It’s about indictment, stupid. Not impeachment. It should be images of war criminal Radovan Karadzic being hauled away in handcuffs — not Bill Clinton being scolded by Congress — that should haunt the dreams of the about-to-be-exiled Bushies.

What a monumental waste of time it was last week to watch and listen to the showboat hearings held by the House Committee on the Judiciary, billed as “an examination of executive power and its constitutional limitations.” Like a stopped-up crapper, my in box overflowed with a load of pro-impeachment jeremiads excreted by feverish progressives.

But let’s get real. Criminalization of political action — even if we’re talking invasion and occupation — is a terrible idea. In any case, how on earth does any rational beomg believe that George W. Bush will actually be impeached by a bunch of Democrats who voted for his war in the first place — with fewer than 100 days from a national election, no less?

Please. Instead, we should be concentrating on prosecuting — in the good, old-fashioned courts — those administration officials who flagrantly broke domestic and international laws by institutionalizing rendition, prisoner abuse and torture, and who shredded the Uniform Code of Military Justice, the Convention Against Torture, the War Crimes Act, the Geneva Conventions and the U.S. Constitution. Ask Mr. Karadzic or the family of the late General Pinochet if these sort of barbarities are indeed not actionable in actual courts of law.

In her magisterial new book, The Dark Side, New Yorker investigative reporter Jane Mayer does the heavy lifting and as much as writes the bill of indictment. She even fills in the name, rank and serial number of those who might be placed in the dock. And this goes way beyond the obvious Pooh-Bahs like Bush, Cheney, Rove and Rumsfeld.

The list is staggering in scope. And the prima fascia evidence is overwhelming. Not only did entire packs of administration cronies conspire to break our laws, but they exchanged memo after memo, double-checking how they might (or might not) technically skirt prosecution.

At the top of this rogues’ list, place the name of David Addington, counsel and chief of staff to Dick Cheney. Mayer writes that within “minutes of the September 11 terrorist attacks, Addington began to assert himself as the war on terror’s indispensable man.” Though he had no constitutional mandate, he soon came to dominate the small cabal of apparatchiks that devised and supervised interrogation methods at Gitmo, who pushed back objections from military prosecutors, who pushed for the pro-torture policies codified by a compliant Department of Justice and who bullied and intimidated anybody and everybody who blinked at the brutal policies he favored.

Some others who merit investigation include:

John Yoo, former legal counsel to the DOJ and current UC Berkeley law professor, who was the chief draftsman of the now-infamous “torture memos,” which more or less demolished the Geneva Conventions.

Jose Rodriguez, former CIA chief of Clandestine Services. He’s the guy, according to Mayer and other reporters, who ordered the destruction of videotapes showing at least two al-Qaeda members being tortured — I mean water-boarded — by U.S. officials.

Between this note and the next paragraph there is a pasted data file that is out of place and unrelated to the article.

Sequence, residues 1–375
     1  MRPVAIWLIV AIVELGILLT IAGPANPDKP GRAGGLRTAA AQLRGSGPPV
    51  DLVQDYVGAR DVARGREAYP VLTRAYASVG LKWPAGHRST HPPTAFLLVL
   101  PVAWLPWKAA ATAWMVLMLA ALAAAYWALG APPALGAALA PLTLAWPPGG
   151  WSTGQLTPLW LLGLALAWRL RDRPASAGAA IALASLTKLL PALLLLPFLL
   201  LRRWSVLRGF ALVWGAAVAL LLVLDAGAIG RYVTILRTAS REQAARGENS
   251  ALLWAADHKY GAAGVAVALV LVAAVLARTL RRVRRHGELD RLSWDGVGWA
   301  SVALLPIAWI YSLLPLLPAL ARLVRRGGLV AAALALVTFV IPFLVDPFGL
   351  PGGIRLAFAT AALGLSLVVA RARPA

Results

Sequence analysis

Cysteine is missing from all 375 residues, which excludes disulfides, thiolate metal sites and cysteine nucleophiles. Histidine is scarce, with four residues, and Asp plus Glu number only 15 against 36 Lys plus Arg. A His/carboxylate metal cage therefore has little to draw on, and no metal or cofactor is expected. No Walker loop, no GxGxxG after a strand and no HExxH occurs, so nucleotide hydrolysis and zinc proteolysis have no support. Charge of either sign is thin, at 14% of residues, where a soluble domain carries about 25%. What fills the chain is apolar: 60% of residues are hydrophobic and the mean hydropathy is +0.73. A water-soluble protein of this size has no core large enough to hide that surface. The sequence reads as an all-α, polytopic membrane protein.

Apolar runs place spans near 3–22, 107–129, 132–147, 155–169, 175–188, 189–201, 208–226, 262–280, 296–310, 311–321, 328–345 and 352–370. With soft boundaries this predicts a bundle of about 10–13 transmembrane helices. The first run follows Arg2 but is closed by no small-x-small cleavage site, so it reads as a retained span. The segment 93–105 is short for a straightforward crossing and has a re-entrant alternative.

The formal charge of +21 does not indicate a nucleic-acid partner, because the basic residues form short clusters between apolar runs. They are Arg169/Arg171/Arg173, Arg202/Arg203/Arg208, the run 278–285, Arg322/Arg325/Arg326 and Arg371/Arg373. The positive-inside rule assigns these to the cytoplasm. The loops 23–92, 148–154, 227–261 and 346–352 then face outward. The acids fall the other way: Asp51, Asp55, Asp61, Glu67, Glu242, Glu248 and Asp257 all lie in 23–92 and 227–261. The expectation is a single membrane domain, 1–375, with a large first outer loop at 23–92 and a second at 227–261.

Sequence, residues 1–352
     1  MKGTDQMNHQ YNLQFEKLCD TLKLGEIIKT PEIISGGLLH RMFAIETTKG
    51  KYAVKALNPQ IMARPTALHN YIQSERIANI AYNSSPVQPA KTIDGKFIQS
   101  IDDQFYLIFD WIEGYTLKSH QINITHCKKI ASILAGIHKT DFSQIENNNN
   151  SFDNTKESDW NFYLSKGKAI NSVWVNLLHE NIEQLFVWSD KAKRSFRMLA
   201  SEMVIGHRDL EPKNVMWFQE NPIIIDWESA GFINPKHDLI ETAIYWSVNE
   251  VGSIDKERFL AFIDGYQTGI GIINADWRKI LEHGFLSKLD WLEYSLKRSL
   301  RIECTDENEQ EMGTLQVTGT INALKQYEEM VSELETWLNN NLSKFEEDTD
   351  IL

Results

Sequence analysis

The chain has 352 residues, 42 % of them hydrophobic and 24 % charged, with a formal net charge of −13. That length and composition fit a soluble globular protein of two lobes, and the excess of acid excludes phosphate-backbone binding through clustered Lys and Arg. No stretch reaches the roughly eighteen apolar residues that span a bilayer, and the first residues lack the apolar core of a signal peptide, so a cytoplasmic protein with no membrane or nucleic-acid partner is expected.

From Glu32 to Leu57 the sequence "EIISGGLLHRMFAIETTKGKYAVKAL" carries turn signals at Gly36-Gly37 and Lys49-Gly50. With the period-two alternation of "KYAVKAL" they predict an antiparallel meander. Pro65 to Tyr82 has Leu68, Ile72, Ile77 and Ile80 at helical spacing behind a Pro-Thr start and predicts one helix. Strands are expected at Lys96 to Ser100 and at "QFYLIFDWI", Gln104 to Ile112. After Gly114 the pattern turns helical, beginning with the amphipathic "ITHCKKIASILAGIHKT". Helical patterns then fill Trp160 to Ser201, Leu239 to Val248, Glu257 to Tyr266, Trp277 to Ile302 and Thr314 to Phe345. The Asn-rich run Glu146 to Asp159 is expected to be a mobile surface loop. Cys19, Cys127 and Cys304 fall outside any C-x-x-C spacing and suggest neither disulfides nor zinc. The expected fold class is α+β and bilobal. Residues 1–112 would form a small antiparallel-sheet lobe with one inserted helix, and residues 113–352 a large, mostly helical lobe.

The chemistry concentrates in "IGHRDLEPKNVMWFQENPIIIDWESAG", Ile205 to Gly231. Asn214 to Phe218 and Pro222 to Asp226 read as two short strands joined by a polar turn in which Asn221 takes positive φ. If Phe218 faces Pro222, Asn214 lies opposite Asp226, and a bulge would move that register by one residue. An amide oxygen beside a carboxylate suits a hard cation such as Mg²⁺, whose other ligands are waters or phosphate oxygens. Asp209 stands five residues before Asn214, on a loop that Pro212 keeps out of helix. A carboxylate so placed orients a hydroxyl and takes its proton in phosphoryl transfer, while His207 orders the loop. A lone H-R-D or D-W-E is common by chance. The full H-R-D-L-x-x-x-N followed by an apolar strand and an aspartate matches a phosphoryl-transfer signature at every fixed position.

Jim Haynes, former Department of Defense general counsel, who according to several reports, wrote the memo authorizing more than a dozen “rough interrogation” techniques. Haynes is also suspected of pointedly brushing aside warnings from Pentagon lawyers that he was trying to legalize torture.

Current Department of Homeland Security Secretary Michael Chertoff, former head of the DOJ Criminal Division, winds up implicated in criminal acts of prisoner abuse. Mayer’s CIA sources say that “Chertoff was consulted extensively about detainees’ treatment,” including some specific cases of water-boarding torture. One CIA source tells Mayer, “Chertoff, and Gonzales, and all these other guys act like they know nothing about this now, but they were all in the room.”

The list of suspects goes on and on (you can Google a great compilation done by by using the search term coercive interrogation Slate).

I have no idea if an incoming Democratic administration is likely to pursue these potential cases. But the wonderful part about this sort of justice is that you don’t need congress or the White House to achieve it. All you need are a few honest and courageous prosecutors — and an American public willing to shun, ostracize and stigmatize the torturers among us.

Indeed, this week, such courage — at least in moderate doses — sprouted even in the parched fields of the Bush Justice Department. A newly published report from the DOJ’s Inspector General and its internal ethics office concluded that senior advisers to former attorney general Al Gonzales broke the law by politically discriminating by not hiring those deemed too liberal. It’s not exactly a Karadzic-like frog march to a war crimes tribunal, but it’s certainly a step down the road we must follow.

LA Weekly